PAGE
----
The installation has an EPA stove which requires stronger draft. It's a little under height and there is a little smoke spill when the weather is mild, but it draws ok considering. Once it gets cold outside it's fine. Also, the owner lived in a camp tent one year and the top caught fire (in the rain) in the dry area of the canvas abobe the stove because of embers falling out of the short chimney. Fortunately they caught it right away and the damage was repairable. Moral of the story, try to keep the flue a good distance away from the roof and be sure your cap is screened.
  9. Jafo

    Jafo Member

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    Ahh ok. I am definitely putting a spark arrester on mine, but I am a little weary of putting the stack up so high. I know code dictates it should be 2' higher than the highest part of the roof within 10', but that seems like SO much pipe.

    My other problem is that the ground where this is going is VERY rocky. It is what I call glacier gravel. Getting through a lot of it was like chipping away at an old gravel driveway. I think finding a spot where I can get at least 4' down into the ground will be hard and will most likely determine where the pipe will go more than prevailing winds.
  10. Jafo

    Jafo Member

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    I ended up buying a 21', 2" galvanized pipe. The weekend after next, we are going to put it up (my brother and I). He thought the stove looked good, but we are going to scrub it out and reseal anything that doesn't look tight. Here are a couple pics of the inside of the yurt w/ the stove:

    1-albums2-picture61[1].jpg

    1-albums2-picture59[1].jpg
  11. begreen

    begreen Mooderator Staff Member

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    21 ft? is that a typo? That's really tall.

    The stove is going to be great. Do you have a hearth for it?
  12. Jafo

    Jafo Member

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    Nope, 21 feet. It is about 10 feet from the ground to where the pipe will come out of the wall (see first pic). We are going to try to get it a couple feet into the ground too, even though it is as hard as a stone driveway lol.. Once we get everything dry fit, I will be putting down a stone hearth, in fact, I already have all the materials to do it.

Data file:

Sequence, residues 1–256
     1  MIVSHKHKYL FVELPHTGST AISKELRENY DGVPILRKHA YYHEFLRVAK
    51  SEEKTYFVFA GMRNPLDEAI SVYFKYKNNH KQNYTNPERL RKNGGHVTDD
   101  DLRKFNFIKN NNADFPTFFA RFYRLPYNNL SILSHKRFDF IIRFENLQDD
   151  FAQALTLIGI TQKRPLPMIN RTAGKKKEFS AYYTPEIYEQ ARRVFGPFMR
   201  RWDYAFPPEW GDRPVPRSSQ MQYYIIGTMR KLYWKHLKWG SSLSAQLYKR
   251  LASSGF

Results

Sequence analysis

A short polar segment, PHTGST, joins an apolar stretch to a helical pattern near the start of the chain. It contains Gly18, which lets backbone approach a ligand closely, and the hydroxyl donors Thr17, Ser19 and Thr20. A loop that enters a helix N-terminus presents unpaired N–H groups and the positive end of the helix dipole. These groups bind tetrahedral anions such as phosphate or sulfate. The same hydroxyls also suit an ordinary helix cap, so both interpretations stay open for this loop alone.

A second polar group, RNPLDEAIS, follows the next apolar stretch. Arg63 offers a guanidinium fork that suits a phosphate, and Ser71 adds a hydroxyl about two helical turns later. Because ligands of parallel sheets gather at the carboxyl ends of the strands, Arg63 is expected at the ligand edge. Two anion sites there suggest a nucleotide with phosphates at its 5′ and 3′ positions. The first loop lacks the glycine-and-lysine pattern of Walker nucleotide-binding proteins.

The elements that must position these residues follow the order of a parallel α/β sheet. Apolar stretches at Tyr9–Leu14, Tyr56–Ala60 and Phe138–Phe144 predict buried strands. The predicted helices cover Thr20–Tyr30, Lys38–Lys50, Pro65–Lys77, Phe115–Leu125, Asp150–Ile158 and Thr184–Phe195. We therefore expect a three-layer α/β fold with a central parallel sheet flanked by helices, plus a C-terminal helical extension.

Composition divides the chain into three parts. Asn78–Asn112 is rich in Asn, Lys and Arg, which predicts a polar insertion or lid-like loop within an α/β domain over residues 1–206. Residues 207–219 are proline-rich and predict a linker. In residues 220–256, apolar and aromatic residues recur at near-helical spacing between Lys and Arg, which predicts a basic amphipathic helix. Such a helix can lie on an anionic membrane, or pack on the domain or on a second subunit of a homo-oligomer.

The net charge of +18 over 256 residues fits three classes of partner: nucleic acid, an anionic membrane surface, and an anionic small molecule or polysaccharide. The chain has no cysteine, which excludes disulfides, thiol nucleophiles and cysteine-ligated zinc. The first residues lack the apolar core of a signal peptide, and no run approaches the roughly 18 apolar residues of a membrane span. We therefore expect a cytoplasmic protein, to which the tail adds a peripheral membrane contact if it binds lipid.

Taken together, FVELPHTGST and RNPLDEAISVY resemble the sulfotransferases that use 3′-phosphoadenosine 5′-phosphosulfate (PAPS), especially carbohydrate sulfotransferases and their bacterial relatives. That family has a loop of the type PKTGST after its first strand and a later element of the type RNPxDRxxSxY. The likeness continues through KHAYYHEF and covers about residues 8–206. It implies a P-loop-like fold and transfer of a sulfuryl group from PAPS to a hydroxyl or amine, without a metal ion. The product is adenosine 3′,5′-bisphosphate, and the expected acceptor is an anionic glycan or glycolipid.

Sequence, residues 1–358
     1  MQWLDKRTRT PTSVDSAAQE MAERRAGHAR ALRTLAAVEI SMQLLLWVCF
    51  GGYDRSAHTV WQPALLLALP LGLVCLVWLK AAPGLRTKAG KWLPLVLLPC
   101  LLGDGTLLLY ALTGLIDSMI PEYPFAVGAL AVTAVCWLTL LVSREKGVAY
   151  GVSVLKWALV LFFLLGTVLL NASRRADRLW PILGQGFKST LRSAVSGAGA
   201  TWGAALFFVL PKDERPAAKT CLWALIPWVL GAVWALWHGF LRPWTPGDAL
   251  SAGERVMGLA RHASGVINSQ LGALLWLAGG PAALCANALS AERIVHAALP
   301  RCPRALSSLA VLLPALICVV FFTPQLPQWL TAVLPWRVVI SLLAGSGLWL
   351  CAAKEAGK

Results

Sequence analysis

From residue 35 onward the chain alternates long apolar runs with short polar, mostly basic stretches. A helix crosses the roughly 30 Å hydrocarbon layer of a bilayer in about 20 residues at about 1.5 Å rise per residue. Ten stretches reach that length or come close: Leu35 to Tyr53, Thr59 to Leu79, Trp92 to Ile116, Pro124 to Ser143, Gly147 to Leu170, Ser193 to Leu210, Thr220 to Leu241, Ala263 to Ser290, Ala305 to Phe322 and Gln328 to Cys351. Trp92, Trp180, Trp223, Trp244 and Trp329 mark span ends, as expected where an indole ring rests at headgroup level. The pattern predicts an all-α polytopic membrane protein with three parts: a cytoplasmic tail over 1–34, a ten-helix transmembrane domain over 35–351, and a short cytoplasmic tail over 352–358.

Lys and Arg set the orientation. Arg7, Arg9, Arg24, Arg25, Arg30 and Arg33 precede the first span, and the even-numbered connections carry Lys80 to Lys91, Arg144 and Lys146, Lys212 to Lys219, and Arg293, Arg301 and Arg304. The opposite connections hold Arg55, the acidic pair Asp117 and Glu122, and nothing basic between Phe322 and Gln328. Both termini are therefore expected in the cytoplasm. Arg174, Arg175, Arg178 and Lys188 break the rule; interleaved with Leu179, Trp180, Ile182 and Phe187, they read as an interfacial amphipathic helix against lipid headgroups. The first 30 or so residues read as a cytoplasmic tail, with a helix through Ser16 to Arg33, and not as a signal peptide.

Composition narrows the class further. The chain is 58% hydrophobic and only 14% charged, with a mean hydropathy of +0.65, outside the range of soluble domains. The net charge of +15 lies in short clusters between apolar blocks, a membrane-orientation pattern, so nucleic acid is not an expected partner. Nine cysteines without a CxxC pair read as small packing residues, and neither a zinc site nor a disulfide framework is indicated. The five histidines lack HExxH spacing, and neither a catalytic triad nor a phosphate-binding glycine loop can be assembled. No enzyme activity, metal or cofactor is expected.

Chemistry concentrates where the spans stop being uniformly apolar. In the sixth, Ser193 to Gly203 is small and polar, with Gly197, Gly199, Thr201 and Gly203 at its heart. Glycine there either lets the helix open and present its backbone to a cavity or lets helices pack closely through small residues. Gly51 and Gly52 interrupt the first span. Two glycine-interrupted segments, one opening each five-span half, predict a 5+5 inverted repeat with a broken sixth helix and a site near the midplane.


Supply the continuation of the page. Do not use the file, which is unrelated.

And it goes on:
13. begreen

    begreen Mooderator Staff Member

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    A 21' stick will have a huge amount of leverage. I wouldn't be comfortable with that less than 4 ft in the ground, set in cement. Rent a gas powered jack hammer if necessary.
  14. Jafo

    Jafo Member

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    I just got done spending an ENORMOUS amount of time posting the story and all the pics of this project at yurt forum and I am not going to do that again. Suffice it to say that we tore the stove down cleaned it all out with a wire brush and resealed it. Here are the pics of the chimney and stove and the rest of the story:

    http://www.yurtforum.com/forums/building-a-yurt-f3/the-yurt-chimney-137.html
    jjs777_fzr likes this.
  15. begreen

    begreen Mooderator Staff Member

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    Thanks for the link, the stove looks great. I'll bet you're glad to have the warmth!
  16. jjs777_fzr

    jjs777_fzr Feeling the Heat

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    Found this article on the forum re: the Lange - might be an interesting read for you.
    http://www.google.com/url?sa=t&rct=...xoHQDw&usg=AFQjCNHoV592-016QtO_OlJCXG7QJlkTKA

    Re the BTU - for comparison the Upland 27 is rated at 5875cuft and 33,750BTUs. It holds a 20" log compared to the Lange 6302A 24" capacity. Both stoves use the S-flow design.
  17. Jafo

    Jafo Member

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    Thanks. So far the stove heats nice, but I really have only tried it out in the 40's. Will find out soon enough if it can handle it. ;)